At a hold far from Cappor, in the mountainous highlands of Roidan, a curl of wrought gold, a torc with countless tiny opal, topaz, onyx, emerald, sapphire eyes lay on a cushion of sooty velvet within a crystal cage.  It sang to itself, of death and power, desire and perversion, treason and suffering.  Numerous lives taken had added to its awareness and fell might.  Coiled close round his neck, it was with its master when he sucked the existence from a street urchin at the moment of joint climax, when the power created – and taken – is at its greatest.


That was just a snack.


The main course was a white mage, a gentle harmless soul with more power than she knew, and too little awareness of evil.  She was travelling quietly by herself, humming a contented shanty.  The torc felt its master’s sudden hunger as he sensed her power and her enticing vulnerability.  A dark joy coursed through their linked psychic web, a hunger for power and pain.  The old lady felt the irresistible tug of the summoning.  She fought desperately.  Her horror and panic, her unavailing struggles, and then her agony as her living heart was wrenched from her chest, were sweeter than orgasm.  The torc rejoiced in its increased strength, and entwined its blood-lust with its master’s, their ecstasy temporarily quenched, their power enhanced.  Soon we will have more, thought the man, glorying in his power, the pain, the life he’d just taken.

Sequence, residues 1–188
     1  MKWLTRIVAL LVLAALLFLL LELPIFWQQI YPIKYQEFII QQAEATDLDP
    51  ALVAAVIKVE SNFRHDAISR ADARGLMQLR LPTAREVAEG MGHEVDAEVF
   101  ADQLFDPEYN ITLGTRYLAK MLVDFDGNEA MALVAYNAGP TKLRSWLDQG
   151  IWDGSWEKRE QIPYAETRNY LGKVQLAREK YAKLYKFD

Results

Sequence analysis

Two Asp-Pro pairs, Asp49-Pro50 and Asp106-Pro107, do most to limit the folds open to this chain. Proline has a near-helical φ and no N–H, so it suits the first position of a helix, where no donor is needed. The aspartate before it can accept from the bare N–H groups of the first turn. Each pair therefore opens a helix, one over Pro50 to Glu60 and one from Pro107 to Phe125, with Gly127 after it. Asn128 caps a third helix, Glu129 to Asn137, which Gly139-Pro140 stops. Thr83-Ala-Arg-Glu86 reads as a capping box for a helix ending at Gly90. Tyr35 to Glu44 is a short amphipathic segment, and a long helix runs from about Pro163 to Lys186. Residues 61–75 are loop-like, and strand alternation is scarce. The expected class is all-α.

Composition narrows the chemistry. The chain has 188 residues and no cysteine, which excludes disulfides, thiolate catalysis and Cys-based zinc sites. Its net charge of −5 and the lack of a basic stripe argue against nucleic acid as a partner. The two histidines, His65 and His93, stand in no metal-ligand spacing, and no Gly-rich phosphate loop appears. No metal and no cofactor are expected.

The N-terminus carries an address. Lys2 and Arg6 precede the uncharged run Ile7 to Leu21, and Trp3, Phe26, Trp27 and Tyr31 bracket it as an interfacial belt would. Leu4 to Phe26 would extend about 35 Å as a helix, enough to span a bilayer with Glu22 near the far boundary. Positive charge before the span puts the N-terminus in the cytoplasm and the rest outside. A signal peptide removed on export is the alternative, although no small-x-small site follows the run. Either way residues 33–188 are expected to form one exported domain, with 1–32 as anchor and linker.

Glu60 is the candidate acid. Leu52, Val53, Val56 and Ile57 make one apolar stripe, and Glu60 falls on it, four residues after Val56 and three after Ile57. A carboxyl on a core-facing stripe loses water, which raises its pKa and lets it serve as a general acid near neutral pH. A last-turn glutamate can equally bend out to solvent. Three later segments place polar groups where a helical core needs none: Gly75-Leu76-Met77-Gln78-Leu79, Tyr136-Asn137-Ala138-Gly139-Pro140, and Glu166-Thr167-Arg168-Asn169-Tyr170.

In a network of caves hundreds of feet up a precipitous overhang, a shaman, on her haunches before the fire, watched these scenes in the flames, fingering the magical artefacts dangling round her neck, fretting at the fraying complexities of the web.  They might plan, but she had plans, too, and she had the powers of the Great Spirit and the Earth on her side.  But she was afraid that it would not be enough, and with the web waning, and its weakening speeding up . . . .


The one prophesied long ago, with unknown, hidden enemies, the webs of life and love and treachery.  She was tired, and fell into a doze, waking to again see the face clearly in the ruby glow of the embers.  Mother, what was she to do?  She was so old, so tired, and so many things needed attention.  For a long time she watched and thought, despair and worry slowing her like a drug, her wings rustling uneasily behind her.


© 2007 Nigel Puerasch.  All rights reserved.  Romantic m2m fiction at and at